The Epidemiology of Air Pollution and Childhood Lung Diseases

Rakesh Ghosh, Irva Hertz-Picciotto

Research output: Chapter in Book/Report/Conference proceedingChapter

2 Scopus citations


Air pollution is omnipresent and studies in the last two decades or more have consistently associated it with adverse health outcomes. Children are particularly vulnerable because their organ systems are still developing and their protective mechanisms are not fully developed. In order to protect public health, the World Health Organization and different national regulatory authorities have set ambient air quality standards. However, there is evidence that such standards may not be adequate because the levels at which air pollutants are associated with respiratory health outcomes are sometimes much lower than the regulatory standards. To date the evidence of a causal relation between air pollution and asthma exacerbation is most convincing. Studies have also demonstrated a relationship between air pollution and new onset asthma, bronchitis, and bronchiolitis but arguably the evidence is not sufficient to draw a definitive causal relationship.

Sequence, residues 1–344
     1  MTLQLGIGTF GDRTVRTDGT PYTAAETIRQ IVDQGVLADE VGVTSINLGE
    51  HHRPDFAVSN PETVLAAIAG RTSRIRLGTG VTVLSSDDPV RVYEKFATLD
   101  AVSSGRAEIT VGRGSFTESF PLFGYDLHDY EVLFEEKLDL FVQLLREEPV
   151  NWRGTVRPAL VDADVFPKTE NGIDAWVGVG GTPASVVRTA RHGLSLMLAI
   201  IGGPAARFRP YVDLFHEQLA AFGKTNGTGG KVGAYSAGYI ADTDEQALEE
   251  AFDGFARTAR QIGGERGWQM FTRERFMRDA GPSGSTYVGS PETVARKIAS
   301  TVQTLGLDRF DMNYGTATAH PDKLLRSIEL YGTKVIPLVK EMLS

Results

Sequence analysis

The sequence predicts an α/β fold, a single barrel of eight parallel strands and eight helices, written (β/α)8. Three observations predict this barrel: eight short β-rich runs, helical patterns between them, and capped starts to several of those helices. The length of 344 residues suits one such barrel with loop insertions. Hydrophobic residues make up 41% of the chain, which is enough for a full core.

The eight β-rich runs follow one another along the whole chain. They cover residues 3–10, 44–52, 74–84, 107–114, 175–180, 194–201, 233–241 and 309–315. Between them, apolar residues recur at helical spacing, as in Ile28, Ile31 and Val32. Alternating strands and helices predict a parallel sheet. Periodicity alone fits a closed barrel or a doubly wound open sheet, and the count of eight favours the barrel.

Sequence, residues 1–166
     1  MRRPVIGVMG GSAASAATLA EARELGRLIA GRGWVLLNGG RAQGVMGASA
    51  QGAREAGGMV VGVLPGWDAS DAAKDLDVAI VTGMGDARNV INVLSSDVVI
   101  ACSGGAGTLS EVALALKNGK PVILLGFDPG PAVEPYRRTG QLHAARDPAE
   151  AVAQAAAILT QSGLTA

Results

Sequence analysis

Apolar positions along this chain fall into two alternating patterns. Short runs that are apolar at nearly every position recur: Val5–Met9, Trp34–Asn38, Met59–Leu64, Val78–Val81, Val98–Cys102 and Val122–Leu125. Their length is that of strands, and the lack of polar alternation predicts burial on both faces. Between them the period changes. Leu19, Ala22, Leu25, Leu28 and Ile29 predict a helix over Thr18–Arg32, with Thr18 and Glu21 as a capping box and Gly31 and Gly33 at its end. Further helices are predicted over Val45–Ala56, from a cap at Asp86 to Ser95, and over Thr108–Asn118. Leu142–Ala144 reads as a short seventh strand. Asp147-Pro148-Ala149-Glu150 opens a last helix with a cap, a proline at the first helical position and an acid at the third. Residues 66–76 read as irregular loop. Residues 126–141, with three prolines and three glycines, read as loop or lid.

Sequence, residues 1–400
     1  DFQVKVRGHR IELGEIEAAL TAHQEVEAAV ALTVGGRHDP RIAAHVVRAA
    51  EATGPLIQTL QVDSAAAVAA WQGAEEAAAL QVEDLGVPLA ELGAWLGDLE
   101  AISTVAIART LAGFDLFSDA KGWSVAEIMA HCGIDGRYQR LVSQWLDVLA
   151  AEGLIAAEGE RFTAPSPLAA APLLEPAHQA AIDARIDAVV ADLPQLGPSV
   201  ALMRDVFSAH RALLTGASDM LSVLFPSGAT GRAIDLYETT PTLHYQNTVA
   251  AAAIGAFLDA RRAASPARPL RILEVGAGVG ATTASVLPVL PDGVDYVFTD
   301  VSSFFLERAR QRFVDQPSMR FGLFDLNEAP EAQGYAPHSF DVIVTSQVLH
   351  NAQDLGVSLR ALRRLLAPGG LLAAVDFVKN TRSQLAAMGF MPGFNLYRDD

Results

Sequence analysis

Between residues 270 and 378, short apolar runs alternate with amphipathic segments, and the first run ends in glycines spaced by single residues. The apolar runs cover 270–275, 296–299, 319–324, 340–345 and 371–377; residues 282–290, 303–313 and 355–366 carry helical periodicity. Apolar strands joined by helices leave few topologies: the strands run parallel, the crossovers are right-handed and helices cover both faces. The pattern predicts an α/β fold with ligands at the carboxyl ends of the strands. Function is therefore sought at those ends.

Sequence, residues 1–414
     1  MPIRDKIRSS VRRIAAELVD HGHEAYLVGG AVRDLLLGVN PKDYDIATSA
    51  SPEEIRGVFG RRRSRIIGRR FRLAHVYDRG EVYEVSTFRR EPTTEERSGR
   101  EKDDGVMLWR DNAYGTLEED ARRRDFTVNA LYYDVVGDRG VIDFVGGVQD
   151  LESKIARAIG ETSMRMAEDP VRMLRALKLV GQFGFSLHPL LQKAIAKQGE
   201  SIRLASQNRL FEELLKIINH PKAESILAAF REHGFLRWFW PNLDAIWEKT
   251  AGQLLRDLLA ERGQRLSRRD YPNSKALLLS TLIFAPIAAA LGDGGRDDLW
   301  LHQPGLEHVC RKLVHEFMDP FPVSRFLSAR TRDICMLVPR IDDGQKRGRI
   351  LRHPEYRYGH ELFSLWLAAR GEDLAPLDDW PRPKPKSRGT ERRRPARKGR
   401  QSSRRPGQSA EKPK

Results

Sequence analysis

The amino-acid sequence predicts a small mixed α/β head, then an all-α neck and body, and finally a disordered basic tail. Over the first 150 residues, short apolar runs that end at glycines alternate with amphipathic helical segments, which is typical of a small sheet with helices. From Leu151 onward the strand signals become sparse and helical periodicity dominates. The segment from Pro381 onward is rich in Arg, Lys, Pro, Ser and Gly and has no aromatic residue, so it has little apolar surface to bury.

Original languageEnglish (US)
Title of host publicationThe Lung: Development, Aging and the Environment: Second Edition
PublisherElsevier Inc.
Number of pages15
ISBN (Print)9780127999418
StatePublished - Oct 23 2014


  • Asthma exacerbation
  • Asthma onset
  • Bronchiolitis
  • Bronchitis

ASJC Scopus subject areas

  • Medicine(all)
  • Pharmacology, Toxicology and Pharmaceutics(all)


Dive into the research topics of 'The Epidemiology of Air Pollution and Childhood Lung Diseases'. Together they form a unique fingerprint.

Cite this